Lillee’s standing as the best bowler from either team in the series saw him named as one of Wisden’s five cricketers of the year.
1972 – Rod Marsh, Cricket
Rod Marsh became an integral part of the Australian cricket team during the 1972 tour of England.
Late in the year, he became the first Australian keeper to hit a century, scoring 118 runs in the first Test against Pakistan at the Adelaide Oval.
1971 – Dennis Lillee, Cricket
The Adelaide Ashes Test of January 1971 saw Dennis Lillee make his International cricket debut, with an impressive 5/84 at 16.80 signalling the arrival of a once-in-a-lifetime bowler.
Later in the year, Lillee decimated a powerful World XI team in Perth that included the likes of Clive Lloyd and Sunil Gavaskar, by taking 8/29.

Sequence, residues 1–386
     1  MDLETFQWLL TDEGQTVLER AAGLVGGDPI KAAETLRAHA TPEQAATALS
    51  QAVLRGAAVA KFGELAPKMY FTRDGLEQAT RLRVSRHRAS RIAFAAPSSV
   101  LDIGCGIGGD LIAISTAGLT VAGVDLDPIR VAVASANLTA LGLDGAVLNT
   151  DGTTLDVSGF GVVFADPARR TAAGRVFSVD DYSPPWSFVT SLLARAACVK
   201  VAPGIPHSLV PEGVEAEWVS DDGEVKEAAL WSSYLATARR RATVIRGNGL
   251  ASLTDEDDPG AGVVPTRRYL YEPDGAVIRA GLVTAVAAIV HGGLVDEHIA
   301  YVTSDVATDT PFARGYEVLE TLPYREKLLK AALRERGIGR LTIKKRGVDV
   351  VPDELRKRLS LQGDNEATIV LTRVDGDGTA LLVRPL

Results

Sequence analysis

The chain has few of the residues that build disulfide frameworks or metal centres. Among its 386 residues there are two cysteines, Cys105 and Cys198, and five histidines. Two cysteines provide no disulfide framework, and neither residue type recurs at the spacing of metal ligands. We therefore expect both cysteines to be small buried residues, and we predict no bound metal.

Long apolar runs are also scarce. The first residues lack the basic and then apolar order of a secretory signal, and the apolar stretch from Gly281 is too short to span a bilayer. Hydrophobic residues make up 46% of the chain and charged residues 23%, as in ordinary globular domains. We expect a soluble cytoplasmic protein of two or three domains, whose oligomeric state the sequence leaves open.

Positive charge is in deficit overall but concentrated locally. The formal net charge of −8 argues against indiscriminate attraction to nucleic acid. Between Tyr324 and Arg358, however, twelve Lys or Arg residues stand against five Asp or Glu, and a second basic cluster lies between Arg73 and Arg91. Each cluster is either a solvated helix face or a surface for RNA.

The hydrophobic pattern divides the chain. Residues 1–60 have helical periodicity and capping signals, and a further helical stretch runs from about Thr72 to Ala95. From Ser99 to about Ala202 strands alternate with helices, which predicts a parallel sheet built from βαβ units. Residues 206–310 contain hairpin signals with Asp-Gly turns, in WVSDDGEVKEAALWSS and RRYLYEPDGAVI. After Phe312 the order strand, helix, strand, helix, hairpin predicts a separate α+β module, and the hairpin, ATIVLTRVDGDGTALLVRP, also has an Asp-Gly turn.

1971 – Gaye Teed (nee Switch), Netball
Gaye Switch was captain when the triumphant Australian team won the World Netball Championship in Jamaica in 1971 – the finest hour of Gaye’s long and distinguished career.
Gaye played a dominant role in helping Australia to regain the world crown from New Zealand.
1970 – Margaret Court, Tennis
After securing the Ladies championship at all four Grand Slam tournaments in 1970, Margaret Court became just the second woman to achieve the calendar year Grand Slam.
Margaret also claimed Women’s Doubles titles at both the Australian and US Open, and won the US Open Mixed doubles to make it 7 Grand Slam titles for the year.
1969 – Syd Lodge, Yachting
Syd Lodge was a member of a 2-man 16 foot Hornet Class racing yacht that won from a field of 48 yachts representing 7 countries at the Hayling Island , Portsmouth , UK World Champs. Syd went with a team of three others from Australia .